Starting a Business? Helpful Tips for Things You’ll Need to Know.

businessAre you planning on starting a business?  There are some important things you’ll need to know about taxes, entity types, how to account for your income/taxes, etc.

Type of Business:
A business can be a sole proprietorship, partnership, corporation, S corporation, or limited liability company. There are pros and cons to each type (minimum tax, liability protection, etc) so you should talk with a professional about which entity type you should form.

Types of Taxes:
Typical taxes include income tax, sales tax, and payroll tax.  Depending on your entity, you may have a minimum tax due even if your business is not profitable.  Once an employee is hired, payroll taxes always need to be remitted.

Identification Numbers:
A business typically needs to get an Employer Identification Number to use as an identifier for federal tax purposes. If you hire employees, you will also need a state identification number.  If you remit sales tax, an account to file/pay collected sales tax will also need to be established.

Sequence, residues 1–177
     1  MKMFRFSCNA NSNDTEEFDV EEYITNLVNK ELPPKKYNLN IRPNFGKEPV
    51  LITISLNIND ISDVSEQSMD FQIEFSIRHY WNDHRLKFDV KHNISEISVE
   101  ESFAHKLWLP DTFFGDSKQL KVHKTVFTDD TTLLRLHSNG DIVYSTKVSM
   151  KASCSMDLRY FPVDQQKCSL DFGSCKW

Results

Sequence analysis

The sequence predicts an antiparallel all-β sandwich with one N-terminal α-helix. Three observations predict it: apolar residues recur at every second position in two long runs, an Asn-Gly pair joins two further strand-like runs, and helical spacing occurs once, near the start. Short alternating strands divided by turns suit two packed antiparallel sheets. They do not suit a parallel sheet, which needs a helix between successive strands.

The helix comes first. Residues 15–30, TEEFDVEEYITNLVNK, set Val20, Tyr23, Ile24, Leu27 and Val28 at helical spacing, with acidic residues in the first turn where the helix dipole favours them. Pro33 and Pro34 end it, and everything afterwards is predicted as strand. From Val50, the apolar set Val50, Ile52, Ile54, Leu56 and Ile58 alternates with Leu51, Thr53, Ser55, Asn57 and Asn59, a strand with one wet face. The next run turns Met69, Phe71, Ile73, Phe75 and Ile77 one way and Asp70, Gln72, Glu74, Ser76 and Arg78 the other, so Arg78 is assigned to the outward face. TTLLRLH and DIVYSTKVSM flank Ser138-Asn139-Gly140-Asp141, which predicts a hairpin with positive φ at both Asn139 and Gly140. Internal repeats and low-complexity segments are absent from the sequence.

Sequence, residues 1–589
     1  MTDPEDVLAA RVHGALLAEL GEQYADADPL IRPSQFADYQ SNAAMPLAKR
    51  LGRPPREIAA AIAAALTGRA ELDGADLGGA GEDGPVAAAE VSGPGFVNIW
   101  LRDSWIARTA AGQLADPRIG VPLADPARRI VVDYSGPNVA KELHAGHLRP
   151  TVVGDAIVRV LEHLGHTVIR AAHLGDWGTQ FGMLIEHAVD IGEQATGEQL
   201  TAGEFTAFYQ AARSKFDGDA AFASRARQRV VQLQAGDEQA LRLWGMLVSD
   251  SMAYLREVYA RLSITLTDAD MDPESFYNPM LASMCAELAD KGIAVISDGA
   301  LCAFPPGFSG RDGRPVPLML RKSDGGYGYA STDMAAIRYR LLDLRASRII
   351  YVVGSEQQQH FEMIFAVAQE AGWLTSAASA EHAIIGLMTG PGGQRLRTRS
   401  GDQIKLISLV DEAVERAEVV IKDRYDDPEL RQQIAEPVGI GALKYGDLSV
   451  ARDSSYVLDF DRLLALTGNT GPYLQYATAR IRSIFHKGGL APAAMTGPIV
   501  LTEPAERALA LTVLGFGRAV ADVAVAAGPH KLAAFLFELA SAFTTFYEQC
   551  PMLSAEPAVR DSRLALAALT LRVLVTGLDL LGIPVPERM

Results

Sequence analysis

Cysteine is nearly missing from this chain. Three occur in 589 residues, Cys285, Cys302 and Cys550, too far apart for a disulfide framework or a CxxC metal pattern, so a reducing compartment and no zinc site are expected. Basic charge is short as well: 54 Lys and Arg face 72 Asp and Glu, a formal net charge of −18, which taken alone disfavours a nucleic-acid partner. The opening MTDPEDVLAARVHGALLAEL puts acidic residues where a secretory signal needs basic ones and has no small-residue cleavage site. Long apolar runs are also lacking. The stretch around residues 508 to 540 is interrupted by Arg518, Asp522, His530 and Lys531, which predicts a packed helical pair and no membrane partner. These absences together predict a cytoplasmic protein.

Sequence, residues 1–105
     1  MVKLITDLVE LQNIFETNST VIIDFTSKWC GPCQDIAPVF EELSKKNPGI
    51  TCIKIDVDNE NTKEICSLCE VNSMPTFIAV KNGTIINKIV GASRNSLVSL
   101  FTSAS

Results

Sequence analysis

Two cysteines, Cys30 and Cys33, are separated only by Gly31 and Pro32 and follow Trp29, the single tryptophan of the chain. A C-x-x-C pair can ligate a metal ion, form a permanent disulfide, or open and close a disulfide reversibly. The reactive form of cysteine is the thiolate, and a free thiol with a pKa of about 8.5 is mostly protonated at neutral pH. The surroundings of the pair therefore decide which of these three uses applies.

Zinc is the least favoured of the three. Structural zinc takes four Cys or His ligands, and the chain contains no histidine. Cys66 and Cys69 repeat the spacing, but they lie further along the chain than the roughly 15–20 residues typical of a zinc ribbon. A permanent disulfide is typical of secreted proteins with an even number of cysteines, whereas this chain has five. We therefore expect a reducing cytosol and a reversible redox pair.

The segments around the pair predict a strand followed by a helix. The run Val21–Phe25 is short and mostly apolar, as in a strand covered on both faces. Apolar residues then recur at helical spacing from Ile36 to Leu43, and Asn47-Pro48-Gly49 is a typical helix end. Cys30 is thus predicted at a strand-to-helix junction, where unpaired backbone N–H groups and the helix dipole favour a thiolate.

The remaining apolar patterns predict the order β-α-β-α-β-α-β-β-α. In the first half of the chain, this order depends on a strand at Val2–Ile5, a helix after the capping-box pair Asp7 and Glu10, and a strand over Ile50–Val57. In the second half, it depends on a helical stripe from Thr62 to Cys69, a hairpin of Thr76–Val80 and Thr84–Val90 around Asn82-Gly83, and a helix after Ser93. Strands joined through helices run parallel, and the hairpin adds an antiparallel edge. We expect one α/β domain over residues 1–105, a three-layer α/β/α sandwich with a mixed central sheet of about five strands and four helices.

Good records will help you keep track of deductible expenses and help your CPA prepare the tax returns. Proper bookkeeping will also help you monitor the financial success of your business and prepare your financial statements.

Tax Year:
Every business taxpayer must figure taxable income on an annual basis called a tax year. Your tax year can be either a calendar or fiscal year.  Keep in mind the due date of your tax return is dependent upon the end of your tax year.  Therefore, if you have a fiscal year that closes in any month other than December, your tax due date is not the typical March for corporations or April for proprietorships.  Failure to file returns on time can lead to penalties and interest if taxes were due.

Accounting Method:
Each taxpayer must also use a consistent accounting method.  Under the cash method, you generally report income and expenses when funds are received/paid.  Under an accrual method, you generally report income in the tax year you earn it whether funds have been received or not, and deduct expenses in the tax year you incur them even if they have not yet been paid.

It’s a good idea to talk to a CPA or tax attorney before beginning your business to find the best set-up for your situation.

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